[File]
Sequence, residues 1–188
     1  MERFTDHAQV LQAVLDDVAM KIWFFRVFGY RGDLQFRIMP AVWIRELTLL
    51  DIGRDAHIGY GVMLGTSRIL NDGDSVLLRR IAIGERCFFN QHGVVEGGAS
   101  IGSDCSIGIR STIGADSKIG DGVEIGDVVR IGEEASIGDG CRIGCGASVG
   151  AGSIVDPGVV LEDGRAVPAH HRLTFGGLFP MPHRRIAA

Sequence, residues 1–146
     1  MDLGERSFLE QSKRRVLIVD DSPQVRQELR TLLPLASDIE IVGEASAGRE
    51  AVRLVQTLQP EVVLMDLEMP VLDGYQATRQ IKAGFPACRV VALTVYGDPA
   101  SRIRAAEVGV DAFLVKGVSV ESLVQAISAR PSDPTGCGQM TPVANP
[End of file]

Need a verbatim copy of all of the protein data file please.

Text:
Sequence, residues 1–188
     1  MERFTDHAQV LQAVLDDVAM KIWFFRVFGY RGDLQFRIMP AVWIRELTLL
    51  DIGRDAHIGY GVMLGTSRIL NDGDSVLLRR IAIGERCFFN QHGVVEGGAS
   101  IGSDCSIGIR STIGADSKIG DGVEIGDVVR IGEEASIGDG CRIGCGASVG
   151  AGSIVDPGVV LEDGRAVPAH HRLTFGGLFP MPHRRIAA

Sequence, residues 1–146
     1  MDLGERSFLE QSKRRVLIVD DSPQVRQELR TLLPLASDIE IVGEASAGRE
    51  AVRLVQTLQP EVVLMDLEMP VLDGYQATRQ IKAGFPACRV VALTVYGDPA
   101  SRIRAAEVGV DAFLVKGVSV ESLVQAISAR PSDPTGCGQM TPVANP